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Program teaches Pa. Students to stand up to bullies

November 22, 2008|By DON AINES

CHAMBERSBURG, Pa. -- Wearing a pink T-shirt with the words "STOOD UP" across the front, Principal Paul Sick strummed a guitar and led a room full of Falling Spring Elementary School students in song:

"Don't laugh at me, don't call me names,

Don't get pleasure from my pain,

In God's eyes we're all the same,

Some day we'll all have perfect wings,

Don't laugh at me."

"He's good," student Shaqon Baker said after Sick finished the song, written by Peter Yaro of Peter, Paul and Mary.

Friday was Stand Up to Bullying Day at Falling Spring and hundreds of other schools around the world, a movement started at a Canadian high school where two seniors, Travis Price and D.J. Shepherd, took action when a freshman was being verbally abused for wearing a pink shirt, according to the Web site www.standupday.com.

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Price and Shepherd bought pink tank tops from a department store, spread the word on the social networking site Facebook and handed them out to students willing to stand up to the bullies.

Falling Spring is the first school in the Chambersburg Area School District to participate in Stand Up to Bullying Day, said Brett Hill, the district's director of security.

"Our intention is to take this to all the other schools" and create programs to teach students at the elementary and secondary levels, Hill said. Friday's program was presented in two different age-appropriate versions for kindergarten through second grade and for grades three through five, he said.

School violence, such as the 1999 Columbine High School massacre, often can be traced to bullying, said Hill, a former Maryland state trooper. Those who are excluded and bullied by classmates can lash out, he said.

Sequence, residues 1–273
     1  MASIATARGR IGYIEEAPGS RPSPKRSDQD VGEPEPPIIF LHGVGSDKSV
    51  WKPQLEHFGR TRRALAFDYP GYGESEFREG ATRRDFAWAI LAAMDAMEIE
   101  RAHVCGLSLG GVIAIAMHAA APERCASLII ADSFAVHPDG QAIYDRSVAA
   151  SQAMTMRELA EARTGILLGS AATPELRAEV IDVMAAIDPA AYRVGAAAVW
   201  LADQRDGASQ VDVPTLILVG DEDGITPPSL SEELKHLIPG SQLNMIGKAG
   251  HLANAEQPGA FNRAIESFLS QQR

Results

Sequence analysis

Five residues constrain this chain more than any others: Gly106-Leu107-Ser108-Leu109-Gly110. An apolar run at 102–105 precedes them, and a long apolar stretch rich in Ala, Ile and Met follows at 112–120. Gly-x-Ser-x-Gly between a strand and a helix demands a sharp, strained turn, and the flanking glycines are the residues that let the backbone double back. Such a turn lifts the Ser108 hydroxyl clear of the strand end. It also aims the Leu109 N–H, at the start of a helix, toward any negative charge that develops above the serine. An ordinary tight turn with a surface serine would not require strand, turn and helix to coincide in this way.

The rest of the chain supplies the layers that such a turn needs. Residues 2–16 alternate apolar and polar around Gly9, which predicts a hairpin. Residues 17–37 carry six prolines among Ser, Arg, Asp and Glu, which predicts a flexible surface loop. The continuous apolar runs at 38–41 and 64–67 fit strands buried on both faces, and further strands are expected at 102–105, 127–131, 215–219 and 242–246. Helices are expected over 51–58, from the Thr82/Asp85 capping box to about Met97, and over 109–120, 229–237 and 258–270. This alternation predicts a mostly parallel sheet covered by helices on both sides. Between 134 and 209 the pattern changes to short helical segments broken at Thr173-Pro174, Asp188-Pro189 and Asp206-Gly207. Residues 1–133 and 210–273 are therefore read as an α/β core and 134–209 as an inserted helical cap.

"It just builds up and builds up," Hill said. "There's a proper way to vent and let it out."

Guidance counselor Erica Patillo, head teacher Mary Osterman and Hill told the students what constitutes bullying, why some people are bullies and how students should react.

The students also will be able to report bullying by filling out a card and placing it in a "Bully Box," Patillo said.

Children engage in bullying for many reasons -- to give themselves a sense of power, out of jealousy or because they are being bullied by someone, Patillo said. Bullying behavior can include physical and verbal abuse, gossip, intentionally excluding someone from a group or activity and, more recently, "cyber bullying."

"Some people do it so long, they don't even realize what they are doing," Hill said of bullies.

"It's a repeated behavior," Osterman told the students. "If someone calls you a name once, you're not going to fill out a bully card."

Instead of retaliating against a bully, students were advised to be assertive and tell the person to stop, talk to a counselor, or tell an adult or friend. In addition to the "Bully Box," Hill said students might be able to report incidents to school officials over the Internet in the future.

The next observance of Stand Up to Bullying Day will be Feb. 27, Hill said.

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